Heitkamp: Vote to oppose Kavanaugh wasn't about politics

Heitkamp: Vote to oppose Kavanaugh wasn't about politics
© Greg Nash

Sen. Heidi HeitkampMary (Heidi) Kathryn HeitkampThe Hill's Morning Report — Biden steadies in third debate as top tier remains the same Trump wins 60 percent approval in rural areas of key states Pence to push new NAFTA deal in visit to Iowa MORE (D-N.D.) acknowledged in an interview scheduled to be broadcast late Sunday that voting for Supreme Court Justice Brett Kavanaugh would have been "politically expedient," but argued her vote was about more than politics.

Heitkamp appeared on CBS's "60 Minutes" days after she voted "no" on Kavanaugh's nomination despite facing a difficult reelection battle in a state that President TrumpDonald John TrumpWatergate prosecutor says that Sondland testimony was 'tipping point' for Trump In private moment with Trump, Justice Kennedy pushed for Kavanaugh Supreme Court nomination: book Obama: 'Everybody needs to chill out' about differences between 2020 candidates MORE won by 36 points in 2016. Scott Pelley pointed out that political consultants would have advised her to vote in favor of the judge's nomination.

"I don't think there's any doubt about that. I think that the politically expedient vote here was a 'yes' vote," Heitkamp said.

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"Why not then?" Pelley asked.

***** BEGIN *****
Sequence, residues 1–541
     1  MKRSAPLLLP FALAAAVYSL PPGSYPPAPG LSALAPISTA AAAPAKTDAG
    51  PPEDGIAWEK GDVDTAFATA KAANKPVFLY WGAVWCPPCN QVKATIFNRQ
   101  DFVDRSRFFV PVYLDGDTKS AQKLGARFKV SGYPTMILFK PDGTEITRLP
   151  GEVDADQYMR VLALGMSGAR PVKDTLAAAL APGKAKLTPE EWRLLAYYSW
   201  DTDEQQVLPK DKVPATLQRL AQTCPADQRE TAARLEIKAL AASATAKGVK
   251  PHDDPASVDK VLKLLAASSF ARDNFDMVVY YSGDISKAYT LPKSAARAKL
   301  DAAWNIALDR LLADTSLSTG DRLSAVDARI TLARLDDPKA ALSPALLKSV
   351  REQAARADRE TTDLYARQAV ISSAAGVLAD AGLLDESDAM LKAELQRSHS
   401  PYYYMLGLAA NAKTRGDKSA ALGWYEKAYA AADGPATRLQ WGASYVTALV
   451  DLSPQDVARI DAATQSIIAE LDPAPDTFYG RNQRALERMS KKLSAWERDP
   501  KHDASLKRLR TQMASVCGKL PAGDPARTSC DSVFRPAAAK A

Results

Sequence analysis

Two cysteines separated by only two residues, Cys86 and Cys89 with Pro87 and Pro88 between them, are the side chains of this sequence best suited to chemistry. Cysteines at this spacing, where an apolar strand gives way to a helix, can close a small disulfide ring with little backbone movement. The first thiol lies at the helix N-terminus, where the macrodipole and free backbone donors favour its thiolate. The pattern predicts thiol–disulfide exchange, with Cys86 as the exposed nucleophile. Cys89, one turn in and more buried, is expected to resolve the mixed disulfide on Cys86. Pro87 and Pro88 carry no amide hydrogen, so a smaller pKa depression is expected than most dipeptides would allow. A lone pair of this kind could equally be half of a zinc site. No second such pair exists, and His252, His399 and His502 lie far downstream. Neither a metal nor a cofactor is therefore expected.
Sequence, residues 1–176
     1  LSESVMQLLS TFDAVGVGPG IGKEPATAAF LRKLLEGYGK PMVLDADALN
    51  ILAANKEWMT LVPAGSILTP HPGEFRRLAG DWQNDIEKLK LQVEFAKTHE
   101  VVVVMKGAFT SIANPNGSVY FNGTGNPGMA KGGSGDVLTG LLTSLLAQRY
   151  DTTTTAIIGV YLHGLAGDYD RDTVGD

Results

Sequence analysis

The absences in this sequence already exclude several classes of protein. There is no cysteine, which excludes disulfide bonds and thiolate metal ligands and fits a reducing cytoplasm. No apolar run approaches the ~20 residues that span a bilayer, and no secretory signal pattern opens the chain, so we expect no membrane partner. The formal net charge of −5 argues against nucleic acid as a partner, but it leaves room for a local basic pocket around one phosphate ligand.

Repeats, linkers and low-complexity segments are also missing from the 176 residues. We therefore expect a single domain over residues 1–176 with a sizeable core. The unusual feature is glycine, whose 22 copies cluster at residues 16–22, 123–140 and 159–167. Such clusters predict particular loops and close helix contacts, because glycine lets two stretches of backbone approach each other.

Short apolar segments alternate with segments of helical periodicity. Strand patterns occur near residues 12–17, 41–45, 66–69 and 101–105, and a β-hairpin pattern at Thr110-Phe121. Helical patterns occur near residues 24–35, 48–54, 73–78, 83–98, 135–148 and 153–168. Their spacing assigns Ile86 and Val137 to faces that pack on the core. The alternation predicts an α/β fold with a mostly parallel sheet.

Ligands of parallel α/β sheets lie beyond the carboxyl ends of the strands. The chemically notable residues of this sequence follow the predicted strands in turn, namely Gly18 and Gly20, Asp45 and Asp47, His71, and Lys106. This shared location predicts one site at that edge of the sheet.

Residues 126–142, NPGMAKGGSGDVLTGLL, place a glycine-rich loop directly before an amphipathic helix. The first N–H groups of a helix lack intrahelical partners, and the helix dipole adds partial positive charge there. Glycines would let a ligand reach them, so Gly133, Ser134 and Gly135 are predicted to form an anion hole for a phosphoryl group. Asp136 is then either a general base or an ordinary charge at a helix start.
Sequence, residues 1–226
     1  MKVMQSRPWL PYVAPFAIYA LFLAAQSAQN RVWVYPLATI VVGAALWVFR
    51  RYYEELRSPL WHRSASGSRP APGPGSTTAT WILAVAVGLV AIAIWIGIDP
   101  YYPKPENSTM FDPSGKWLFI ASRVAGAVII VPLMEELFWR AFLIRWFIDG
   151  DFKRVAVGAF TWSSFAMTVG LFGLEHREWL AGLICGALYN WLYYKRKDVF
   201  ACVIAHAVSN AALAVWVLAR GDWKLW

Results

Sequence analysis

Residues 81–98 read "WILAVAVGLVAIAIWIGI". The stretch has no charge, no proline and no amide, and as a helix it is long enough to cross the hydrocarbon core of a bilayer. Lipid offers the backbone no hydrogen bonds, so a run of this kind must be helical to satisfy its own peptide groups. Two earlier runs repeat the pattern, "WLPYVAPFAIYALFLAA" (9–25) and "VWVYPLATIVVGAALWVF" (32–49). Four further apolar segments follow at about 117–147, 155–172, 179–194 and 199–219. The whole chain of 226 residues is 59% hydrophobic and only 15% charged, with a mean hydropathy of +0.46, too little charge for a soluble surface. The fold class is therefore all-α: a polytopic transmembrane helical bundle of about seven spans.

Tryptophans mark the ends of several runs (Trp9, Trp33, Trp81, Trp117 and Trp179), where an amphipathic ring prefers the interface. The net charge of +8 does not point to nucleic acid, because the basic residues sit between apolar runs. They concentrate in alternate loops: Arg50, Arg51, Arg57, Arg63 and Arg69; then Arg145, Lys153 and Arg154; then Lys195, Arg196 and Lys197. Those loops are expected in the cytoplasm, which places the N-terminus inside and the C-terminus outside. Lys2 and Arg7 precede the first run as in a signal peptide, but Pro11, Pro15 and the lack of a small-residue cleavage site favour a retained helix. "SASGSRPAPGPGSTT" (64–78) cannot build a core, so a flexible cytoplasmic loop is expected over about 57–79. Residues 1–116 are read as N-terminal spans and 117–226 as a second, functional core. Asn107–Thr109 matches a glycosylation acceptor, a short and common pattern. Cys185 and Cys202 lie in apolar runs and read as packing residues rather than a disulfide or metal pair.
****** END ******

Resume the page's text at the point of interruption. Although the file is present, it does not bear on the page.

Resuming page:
"Because this isn't about politics," the senator responded.

Two polls released last week prior to Heitkamp's vote being made public showed the incumbent trailing challenger Rep. Kevin CramerKevin John CramerGOP divided over impeachment trial strategy GOP senators balk at lengthy impeachment trial GOP senators plan to tune out impeachment week MORE (R-N.D.) by double digits

Heitkamp announced her intention to vote "no" on Thursday, pointing to allegations of sexual misconduct against Kavanaugh, and questioning his judicial temperament.

On "60 Minutes," she highlighted the testimony of Christine Blasey Ford, who told the Senate Judiciary Committee that she was "100 percent" certain Kavanaugh pinned her to a bed, groped her and attempted to remove her clothes during a high school party in the 1980s. Kavanaugh has denied the allegations.

"My judgment on her experience is based on a lot of experience working with domestic assault victims, domestic violence victims," Heitkamp said.

"And the experiences that have been shared over and over in my time as attorney general and now coming to the Senate as people have described their experience, and for me it does not appear that he's somebody who should be given a lifetime appointment to the most important court in the world," she added.

Heitkamp argued that that even if senators did not believe there was evidence to corroborate Ford's claims, Kavanaugh's testimony blasting Democrats for conducting an "orchestrated political hit" against him provided additional reason to oppose his confirmation. 

The Senate confirmed Kavanaugh on Saturday afternoon in a 50-48 vote, with one GOP senator absent and another voting "present." Every Democrat opposed Kavanaugh's nomination except for Sen. Joe ManchinJoseph (Joe) ManchinPolitical purity tests are for losers Former coal exec Don Blankenship launches third-party presidential bid Centrist Democrats seize on state election wins to rail against Warren's agenda MORE (D-W.Va.), who is also facing a tough reelection bid this year.

The bitter fight over Kavanaugh’s confirmation came after multiple women accused the judge of sexual misconduct. Kavanaugh and Ford testified late last month over allegations that he sexually assaulted her during a party in the 1980s 

A supplemental FBI background investigation found no corroboration of the claims, Republicans said, while Democrats argued that the review of the allegations was too brief and failed to interview key witnesses.